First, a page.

It all came about because of Wikipedia and a discussion about the wavefunction page. If you’ve been following along you know that i’m painting in broad strokes here, and am not about to get bogged down in details. These folks are all about details and are trying to get this page right. The discussion ranges from whether wavefunction should be two words all the way up to the relevance of certain equations. I have no way of judging who is right or wrong, but i can surely see that the term means different things to different folks. A wavefunction is one thing to a mathematician and another to a physicist. It means something a little different in fluid dynamics. Even in physics, it means something different in classic physics from quantum mechanics.

What drew me to study the term was that it represents the information about the state of a wave system. What i’m looking for is the common ground, concepts that are common to all these views. Although factions disagree on the details of that information and whether or not it represents information only in the mind of the observer or information actually contained within the structure of the wave, they agree that the wave function describes a particular wave and its component parts.

That’s the scientific term for what i’ve been talking about here, the information present in all matter. The wave function is a static formula attempting to describe a dynamic situation. In the reading of the wavefunction discussion, i was taken by just how pivitol this concept is to the LifeOS model. The more i thought about it the more i could see that i needed to rewrite some earier installments to include the concept of wave function.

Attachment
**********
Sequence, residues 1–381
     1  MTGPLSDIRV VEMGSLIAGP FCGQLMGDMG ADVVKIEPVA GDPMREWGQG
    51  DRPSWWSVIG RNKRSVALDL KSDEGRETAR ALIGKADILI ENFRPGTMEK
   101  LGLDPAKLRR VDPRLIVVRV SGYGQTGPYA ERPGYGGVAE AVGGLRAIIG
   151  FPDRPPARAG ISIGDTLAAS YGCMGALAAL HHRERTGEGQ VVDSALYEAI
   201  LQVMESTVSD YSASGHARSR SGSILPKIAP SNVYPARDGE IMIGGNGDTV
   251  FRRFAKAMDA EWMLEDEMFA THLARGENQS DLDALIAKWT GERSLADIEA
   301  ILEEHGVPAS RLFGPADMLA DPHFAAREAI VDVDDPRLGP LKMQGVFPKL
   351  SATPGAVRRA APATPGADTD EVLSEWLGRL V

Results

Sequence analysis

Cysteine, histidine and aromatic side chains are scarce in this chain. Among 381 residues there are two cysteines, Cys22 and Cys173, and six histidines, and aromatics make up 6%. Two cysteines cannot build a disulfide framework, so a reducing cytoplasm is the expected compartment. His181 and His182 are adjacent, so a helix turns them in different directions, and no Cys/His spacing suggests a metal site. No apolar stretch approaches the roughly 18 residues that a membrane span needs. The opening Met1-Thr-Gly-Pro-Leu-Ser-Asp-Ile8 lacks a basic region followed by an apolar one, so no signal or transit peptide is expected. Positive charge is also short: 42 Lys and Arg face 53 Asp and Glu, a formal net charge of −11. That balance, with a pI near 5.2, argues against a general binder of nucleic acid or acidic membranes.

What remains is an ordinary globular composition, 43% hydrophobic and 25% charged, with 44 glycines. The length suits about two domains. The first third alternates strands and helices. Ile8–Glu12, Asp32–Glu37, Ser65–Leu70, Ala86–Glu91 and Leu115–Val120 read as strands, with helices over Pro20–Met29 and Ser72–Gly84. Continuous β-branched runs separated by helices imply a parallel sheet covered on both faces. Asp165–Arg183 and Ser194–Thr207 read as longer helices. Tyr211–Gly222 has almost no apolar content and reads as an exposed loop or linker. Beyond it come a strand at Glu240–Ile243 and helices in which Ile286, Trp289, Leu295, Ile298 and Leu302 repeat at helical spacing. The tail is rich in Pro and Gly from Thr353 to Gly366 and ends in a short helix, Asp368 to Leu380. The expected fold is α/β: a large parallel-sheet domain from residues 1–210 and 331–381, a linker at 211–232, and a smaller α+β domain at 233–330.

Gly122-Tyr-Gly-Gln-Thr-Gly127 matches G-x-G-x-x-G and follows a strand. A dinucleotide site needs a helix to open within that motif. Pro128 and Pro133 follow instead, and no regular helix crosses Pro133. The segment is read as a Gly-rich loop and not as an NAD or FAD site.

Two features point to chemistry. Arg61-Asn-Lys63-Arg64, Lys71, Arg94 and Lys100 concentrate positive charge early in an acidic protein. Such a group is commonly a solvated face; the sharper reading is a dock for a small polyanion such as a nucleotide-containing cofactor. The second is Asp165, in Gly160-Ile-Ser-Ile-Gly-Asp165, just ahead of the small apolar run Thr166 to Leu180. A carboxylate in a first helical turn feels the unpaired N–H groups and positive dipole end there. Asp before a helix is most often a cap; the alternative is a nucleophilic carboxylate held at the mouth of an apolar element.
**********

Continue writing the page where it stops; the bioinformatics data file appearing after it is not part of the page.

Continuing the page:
What brought me to wave function was the several paradoxes involving waves and particles, including measurment and the observer, and such. These paradoxes show problems with perception rather than some malfunction of the Universe. The theory of everything should not have these flaws in perception. Well, the LifeOS model pretty much erases these seeming pardoxes.

So, i’m backing off on the manuscript for a few days while i sort this out. Meanwhile, i’m willing to talk about it. Here is the crux…

In LifeOS, the Whole System, all matter is the memory of the Universe. It operates in much the same way as RAM memory in that the data is stored in the “state” of the recording medium, in this case a binary switch. This is how any recording device works, by changing the state of the recording medium.

Ok, in LifeOS the recording medium is matter and it remembers by altering the state of the medium. Holographic memory works like this. So in this model, holographic information is stored in matter at the quantum level, by altering the state of the medium.

In a binary computer sytem, it is the state of the binary switch that holds the data. The state of one switch tells you very little; it is only one bit. It takes eight bits to make one byte, the basic unit of data. It takes a lot of bits to make useful information.

If you could get inside the crystal structure that holds the switches in a modern computer, and tried to measure the state of one of those transistors, you would most probably cause the state of the switch to change. The charges that hold those switches in their state are so tiny that just touching them could switch their state.

That is the same problem encountered in quantum physics. When they try to measure the state of subatomic particles, the state changes. If matter is a memory medium, as this model contends, then this odd behavior of subatomic particles is just as expected.

In this holgraphic memory system, it is the state of particles that holds the information. The state of one particle doesn’t tell us much, but the combined states of all the particles within a system projects its holographic image, which equals the current reality of that system.

Cheers,
jim